Lastly, time management is an essential skill that you must get and cultivate at any stage of your career. Without good time management skills, you will become unreliable. People won’t be able to trust you when you say that you will submit an assignment by a certain time. If you have good time management skills, at a certain point you’ll be able to manage and delegate tasks to other people. The more you cultivate this skill, the faster the teams that you manage will grow.


I am certain that there are many other skills that are equally as important to the four mentioned above. Above all else, what will make you an attractive candidate in any future job application will be your ability to clearly showcase your list of skills. There will always be jobs that require certifications and a minimum educational requirement but, what will become more important over time is demonstrating what skills you have that others don’t.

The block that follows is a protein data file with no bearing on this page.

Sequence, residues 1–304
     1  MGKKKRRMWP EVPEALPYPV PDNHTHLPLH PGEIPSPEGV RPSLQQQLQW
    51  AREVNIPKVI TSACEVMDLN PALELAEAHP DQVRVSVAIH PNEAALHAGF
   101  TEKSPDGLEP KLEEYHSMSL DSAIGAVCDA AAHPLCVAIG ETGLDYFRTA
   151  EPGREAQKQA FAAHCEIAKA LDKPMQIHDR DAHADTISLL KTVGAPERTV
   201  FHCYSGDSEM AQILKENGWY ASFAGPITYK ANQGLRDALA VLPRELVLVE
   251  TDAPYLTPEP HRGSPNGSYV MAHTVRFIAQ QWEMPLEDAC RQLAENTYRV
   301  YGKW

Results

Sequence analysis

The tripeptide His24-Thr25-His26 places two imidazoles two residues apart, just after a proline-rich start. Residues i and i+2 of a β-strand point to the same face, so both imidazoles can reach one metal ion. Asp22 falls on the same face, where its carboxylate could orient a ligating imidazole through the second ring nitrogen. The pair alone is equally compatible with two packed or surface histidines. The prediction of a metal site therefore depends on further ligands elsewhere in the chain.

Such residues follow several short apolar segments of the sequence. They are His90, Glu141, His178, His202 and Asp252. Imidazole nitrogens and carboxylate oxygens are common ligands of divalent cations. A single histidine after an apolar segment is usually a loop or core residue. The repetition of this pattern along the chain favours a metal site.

If you can start considering what unique set of skills you have right now, which skills you’d like to add, and how you want to demonstrate them, you will be well on your way to becoming incredibly useful to others. The more useful you become, the more irreplaceable you will seem.


The Goal Is Being Comfortable

Is Becoming A Billionaire A Practical Goal?

I used to believe that the only way to be truly successful was to become a billionaire. I wanted to become a notable entrepreneur, someone who had a huge impact on society, and someone who made my family proud. This is what I used to believe when I was still in college, taking entrepreneurship workshops and reading books that taught me how to start my own business.


Sometime during my senior year of college, I behaved frantically. Every month I tried to come up with a billion-dollar idea that would help make the name Kenny Soto a household name. I even tried creating an educational non-profit called Futures For Students with my mentor Maurice Bretzfield. My hopes were that I could become a “billionaire philanthropist.” Needless to say, my dreams were all over the place and I had no clear focus on what I wanted out of life.